Mr de Vries, 64, was in a critical condition after being shot in the head while leaving a television studio. Police say he was shot five times at close range and Amsterdam’s Mayor Femke Halsema said he was “fighting for his life.”
The two suspects were not named but were described as a 35-year-old Polish man living in Maurik, a town in theprovince of Gelderland, and a 21-year-old man from Rotterdam.
They were arrested in their silver Renault on the motorway leaving Amsterdam. Police searched homes in Tiel, Maurik and Rotterdam and uncovered IT equipment and ammunition. A third man has been released from custody and is not considered a suspect, police said.
King Willem-Alexander led the condemnations of the shooting, interrupting a state visit to Berlin to express his “deep shock”. He said: “Journalists must be able to do their important work freely and without being threatened.”
Prime minister Mark Rutte said that the gunning down of Mr De Vries was, “an attack on a brave journalist... and on free journalism which is so important for our society”.
Jan Struijs, chair of the Dutch police union, described it as, “an attack on our justice system and democracy”.
Even Geert Wilders, the far-right PVV party leader who recently described journalists as, “scum of the earth,” wrote on social media that the attack was “terrible”.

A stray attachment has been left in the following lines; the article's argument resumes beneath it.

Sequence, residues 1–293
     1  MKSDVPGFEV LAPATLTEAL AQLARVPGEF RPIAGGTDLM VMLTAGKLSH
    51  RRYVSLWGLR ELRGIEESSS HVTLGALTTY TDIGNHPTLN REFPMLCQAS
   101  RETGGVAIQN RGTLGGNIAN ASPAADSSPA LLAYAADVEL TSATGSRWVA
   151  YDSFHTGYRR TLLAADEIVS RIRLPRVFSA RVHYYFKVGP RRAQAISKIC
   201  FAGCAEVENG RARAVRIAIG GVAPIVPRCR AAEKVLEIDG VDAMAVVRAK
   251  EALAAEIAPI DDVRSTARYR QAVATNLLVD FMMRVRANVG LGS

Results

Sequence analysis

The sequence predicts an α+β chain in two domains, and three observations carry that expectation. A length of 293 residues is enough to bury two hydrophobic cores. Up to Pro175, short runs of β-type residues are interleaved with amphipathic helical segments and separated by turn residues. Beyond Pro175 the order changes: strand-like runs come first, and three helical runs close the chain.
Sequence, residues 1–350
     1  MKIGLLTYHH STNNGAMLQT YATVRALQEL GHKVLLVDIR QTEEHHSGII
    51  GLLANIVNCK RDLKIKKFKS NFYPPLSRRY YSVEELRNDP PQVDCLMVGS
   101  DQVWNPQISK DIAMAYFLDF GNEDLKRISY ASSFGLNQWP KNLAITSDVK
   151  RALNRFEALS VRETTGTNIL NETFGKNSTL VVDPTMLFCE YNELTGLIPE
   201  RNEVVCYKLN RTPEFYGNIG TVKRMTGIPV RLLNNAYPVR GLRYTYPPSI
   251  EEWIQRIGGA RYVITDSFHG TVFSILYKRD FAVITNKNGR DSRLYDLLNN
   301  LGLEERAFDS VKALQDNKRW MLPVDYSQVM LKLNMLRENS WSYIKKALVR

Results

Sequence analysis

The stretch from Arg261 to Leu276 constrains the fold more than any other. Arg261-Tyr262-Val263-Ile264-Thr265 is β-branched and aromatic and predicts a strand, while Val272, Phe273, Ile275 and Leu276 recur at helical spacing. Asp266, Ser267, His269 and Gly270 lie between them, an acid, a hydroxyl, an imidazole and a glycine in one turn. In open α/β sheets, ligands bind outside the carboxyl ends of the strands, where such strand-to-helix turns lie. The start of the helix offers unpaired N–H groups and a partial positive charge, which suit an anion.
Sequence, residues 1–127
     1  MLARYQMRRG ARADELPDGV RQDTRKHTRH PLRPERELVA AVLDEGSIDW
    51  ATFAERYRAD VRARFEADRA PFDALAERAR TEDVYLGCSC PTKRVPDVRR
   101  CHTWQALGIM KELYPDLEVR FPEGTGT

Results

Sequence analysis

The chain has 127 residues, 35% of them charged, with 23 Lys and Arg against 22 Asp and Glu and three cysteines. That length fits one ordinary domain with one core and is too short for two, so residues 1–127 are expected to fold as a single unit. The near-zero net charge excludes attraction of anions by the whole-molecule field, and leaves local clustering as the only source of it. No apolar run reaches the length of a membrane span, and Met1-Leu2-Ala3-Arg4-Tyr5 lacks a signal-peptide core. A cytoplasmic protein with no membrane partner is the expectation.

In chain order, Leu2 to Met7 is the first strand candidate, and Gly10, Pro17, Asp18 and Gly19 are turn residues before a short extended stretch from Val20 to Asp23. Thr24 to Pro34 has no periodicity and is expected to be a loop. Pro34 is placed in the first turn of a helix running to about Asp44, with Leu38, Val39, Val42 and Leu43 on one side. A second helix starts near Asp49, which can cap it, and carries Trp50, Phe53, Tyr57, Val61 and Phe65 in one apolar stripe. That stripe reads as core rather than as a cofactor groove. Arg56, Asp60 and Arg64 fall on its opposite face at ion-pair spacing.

Mr De Vries is a celebrity in the Netherlands, where his crime investigations have gripped television viewers for decades. He had received multiple threats while covering the criminal underworld but despite these dangers, he refused security, saying that having guards around him made him uncomfortable.
Mr De Vries made his name in the 1980s reporting on the high-profile kidnapping of beer magnate Freddy Heineken but later fell out with the leader of the gang, Willem Holleeder, when he was involved in a 2015 film adaptation Kidnapping Freddy Heineken, starring Anthony Hopkins.
Mr Holleeder’s death threats against Mr De Vries earned him an extra three years’ jail in 2017, on top of his life sentence for his involvement in five murders.
Mr De Vries won an international Emmy Award in 2008 for his work investigating the disappearance of teenager Natalee Holloway in 2005. His reporting included undercover footage of prime suspect Joran Van der Sloot apparently preparing to traffic Thai women for sex in Bangkok.
In 2019, Ridouan Taghi, on trial for murder and drug trafficking in the so-called “Mocro mafia” drugs war, made a public statement denying that he had threatened to have Mr De Vries killed for representing a key witness Nabil B – whose lawyer Derk Wiersum had just been gunned down on his doorstep in Amsterdam.
De Vries is the latest victim of a series of attacks in Europe in recent years targeting journalists investigating organised crime and corruption.
In 2016, Dutch crime blogger Martin Kok was murdered in Laren, close to Amsterdam. In 2017 investigative reporter Daphne Caruana Galizia was killed by a car bomb outside her home in Malta. The following year Slovakian journalist Jan Kuciak and his fiancée Martina Kusnirova were murdered at their home in Bratislava.
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